Things could get even tougher because the Estonian government will begin repaying large loans from the European Bank of Reconstruction and Development (EBRD) and the International Monetary Fund (IMF). Optimists say that for a country that has only recently oriented itself to a free market economy, such a deficit is normal.
"Considering the system we came from, our needs to invest are obviously bigger than in other developed countries," said Aare Jarvan, economic advisor to the prime minister.
According to Jarvan, the best way to display the actual account deficit is through the following example: Estonian investments account for about 30 percent of the GDP, domestic savings are equal to only 18 percent of the GDP and this difference is the current account deficit.
The deficit can be defined in another way too. It is the difference between the value of imported goods and exported goods displayed by the foreign trade balance, which is negative for Estonia, meaning that imports exceed exports.
The pessimists have their own vision of the current account deficit. In their opinion, the fact that the balance is negative could become consequential to the Estonian economy. Estonia imports more than it exports, we consume more than we can produce, and for that we have borrowed money from abroad, which has to be repaid in the future.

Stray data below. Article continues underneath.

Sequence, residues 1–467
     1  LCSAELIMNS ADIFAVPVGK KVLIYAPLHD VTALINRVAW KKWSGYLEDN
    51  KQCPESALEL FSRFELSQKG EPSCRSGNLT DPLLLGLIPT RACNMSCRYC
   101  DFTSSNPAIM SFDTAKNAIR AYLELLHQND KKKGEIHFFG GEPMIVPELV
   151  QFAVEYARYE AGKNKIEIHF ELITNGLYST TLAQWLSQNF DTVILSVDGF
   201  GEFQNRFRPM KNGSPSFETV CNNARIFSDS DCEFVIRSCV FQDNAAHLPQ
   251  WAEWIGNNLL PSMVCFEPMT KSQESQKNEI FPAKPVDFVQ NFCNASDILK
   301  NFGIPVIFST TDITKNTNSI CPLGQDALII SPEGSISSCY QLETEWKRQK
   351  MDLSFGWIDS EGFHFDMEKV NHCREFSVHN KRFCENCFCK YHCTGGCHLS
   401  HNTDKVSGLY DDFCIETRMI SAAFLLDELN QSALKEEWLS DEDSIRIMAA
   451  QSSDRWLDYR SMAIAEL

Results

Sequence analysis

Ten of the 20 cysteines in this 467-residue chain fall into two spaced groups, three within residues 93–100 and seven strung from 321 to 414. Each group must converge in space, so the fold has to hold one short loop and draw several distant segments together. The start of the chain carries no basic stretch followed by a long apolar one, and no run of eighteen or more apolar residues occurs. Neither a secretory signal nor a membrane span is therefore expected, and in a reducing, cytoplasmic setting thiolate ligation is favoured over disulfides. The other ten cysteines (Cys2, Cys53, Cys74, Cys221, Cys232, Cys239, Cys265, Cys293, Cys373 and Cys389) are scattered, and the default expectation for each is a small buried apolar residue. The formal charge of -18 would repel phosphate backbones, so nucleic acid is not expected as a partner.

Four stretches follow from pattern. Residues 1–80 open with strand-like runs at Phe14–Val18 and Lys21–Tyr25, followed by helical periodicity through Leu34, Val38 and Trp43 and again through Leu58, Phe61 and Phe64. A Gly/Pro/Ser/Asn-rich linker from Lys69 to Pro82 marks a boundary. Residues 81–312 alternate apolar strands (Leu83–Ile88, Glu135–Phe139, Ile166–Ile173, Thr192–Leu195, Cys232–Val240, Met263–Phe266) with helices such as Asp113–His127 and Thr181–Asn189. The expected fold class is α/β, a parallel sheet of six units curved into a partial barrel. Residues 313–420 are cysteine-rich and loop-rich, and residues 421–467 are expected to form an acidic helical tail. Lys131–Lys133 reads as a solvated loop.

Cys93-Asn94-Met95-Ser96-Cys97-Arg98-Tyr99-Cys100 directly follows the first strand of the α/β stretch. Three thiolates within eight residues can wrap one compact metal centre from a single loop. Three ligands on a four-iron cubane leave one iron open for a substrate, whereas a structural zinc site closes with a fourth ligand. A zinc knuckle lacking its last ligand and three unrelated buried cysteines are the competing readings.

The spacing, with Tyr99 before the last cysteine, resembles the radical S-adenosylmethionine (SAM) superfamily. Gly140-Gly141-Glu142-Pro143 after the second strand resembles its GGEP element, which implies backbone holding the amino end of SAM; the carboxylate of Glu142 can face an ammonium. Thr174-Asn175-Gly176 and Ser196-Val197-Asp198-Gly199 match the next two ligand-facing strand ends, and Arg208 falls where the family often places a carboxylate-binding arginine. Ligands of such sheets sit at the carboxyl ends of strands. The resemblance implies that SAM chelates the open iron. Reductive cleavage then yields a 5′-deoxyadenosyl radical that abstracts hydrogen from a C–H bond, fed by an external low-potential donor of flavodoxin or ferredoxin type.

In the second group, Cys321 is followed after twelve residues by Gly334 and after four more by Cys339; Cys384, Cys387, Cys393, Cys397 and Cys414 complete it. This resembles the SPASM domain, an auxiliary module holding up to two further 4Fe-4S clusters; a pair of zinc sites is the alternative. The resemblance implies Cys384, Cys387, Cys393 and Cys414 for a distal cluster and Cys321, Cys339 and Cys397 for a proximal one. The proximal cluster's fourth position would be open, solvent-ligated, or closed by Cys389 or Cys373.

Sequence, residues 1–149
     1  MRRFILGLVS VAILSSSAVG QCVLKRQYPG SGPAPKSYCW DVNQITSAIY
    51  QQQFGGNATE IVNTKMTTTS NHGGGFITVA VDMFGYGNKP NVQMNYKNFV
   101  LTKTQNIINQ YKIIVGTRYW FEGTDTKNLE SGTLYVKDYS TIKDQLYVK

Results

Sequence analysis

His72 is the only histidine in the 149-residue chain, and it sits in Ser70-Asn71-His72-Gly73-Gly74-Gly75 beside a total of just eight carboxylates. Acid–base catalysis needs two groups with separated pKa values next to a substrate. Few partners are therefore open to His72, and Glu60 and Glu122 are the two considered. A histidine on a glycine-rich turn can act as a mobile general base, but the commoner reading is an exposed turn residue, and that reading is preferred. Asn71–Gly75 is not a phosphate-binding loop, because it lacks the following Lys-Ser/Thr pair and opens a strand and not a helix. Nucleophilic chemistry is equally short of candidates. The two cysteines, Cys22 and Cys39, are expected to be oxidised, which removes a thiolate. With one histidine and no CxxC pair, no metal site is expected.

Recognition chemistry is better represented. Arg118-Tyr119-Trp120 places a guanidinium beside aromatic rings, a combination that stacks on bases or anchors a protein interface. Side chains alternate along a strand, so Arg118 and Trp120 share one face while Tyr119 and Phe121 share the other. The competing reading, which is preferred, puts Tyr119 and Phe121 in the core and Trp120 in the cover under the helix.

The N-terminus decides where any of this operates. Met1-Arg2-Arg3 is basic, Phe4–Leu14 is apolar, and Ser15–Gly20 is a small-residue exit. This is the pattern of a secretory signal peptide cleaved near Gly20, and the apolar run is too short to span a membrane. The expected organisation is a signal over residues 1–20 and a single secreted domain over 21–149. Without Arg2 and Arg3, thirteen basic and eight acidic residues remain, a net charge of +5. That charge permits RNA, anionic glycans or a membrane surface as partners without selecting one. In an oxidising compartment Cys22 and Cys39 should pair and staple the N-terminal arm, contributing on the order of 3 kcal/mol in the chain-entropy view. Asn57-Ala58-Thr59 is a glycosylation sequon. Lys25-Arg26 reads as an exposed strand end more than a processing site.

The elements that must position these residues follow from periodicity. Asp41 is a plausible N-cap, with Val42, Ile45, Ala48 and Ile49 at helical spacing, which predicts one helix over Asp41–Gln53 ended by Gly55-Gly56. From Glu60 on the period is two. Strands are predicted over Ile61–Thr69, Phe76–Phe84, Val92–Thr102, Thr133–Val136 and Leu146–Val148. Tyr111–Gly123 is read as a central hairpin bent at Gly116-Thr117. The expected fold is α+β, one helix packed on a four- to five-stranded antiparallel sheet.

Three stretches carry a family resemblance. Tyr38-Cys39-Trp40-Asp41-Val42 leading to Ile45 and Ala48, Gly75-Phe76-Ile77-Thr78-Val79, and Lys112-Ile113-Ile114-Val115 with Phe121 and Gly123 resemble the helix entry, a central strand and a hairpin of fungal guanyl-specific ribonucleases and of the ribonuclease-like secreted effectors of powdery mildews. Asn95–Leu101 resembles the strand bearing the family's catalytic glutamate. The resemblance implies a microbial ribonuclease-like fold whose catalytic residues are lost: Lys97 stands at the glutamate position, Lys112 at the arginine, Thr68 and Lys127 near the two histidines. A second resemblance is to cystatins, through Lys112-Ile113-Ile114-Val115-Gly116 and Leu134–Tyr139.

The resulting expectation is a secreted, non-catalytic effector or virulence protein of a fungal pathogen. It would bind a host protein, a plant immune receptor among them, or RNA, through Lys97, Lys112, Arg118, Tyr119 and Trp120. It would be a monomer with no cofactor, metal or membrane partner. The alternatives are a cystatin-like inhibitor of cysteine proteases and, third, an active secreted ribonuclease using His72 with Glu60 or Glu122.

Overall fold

There are also precautions that can be taken to reduce the current account deficit. The Estonian government could establish even more favorable conditions for the branches of industry, which are oriented to exports. The government could also allocate money to directly subsidize producers, who export most of their production. And protective duties could be imposed on imported goods.
Janno Reiljan, a professor at the University of Tartu and economic analyst, said the deficit is natural only until the economy collapses.
"It was natural in the Asian economy as well, until the financial crisis hit," Reiljan told Aripaev. The current account deficit could be considered as a normal phenomenon only if the country can repay its debts properly and in time, he said.
Reiljan said there is a problem with getting new loans to repay the old debts.
"But the loan conditions in Estonian commercial banks have become more strict and the banks as well as entrepreneurs have to pay back more money than we initially got," Reiljan told Aripaev.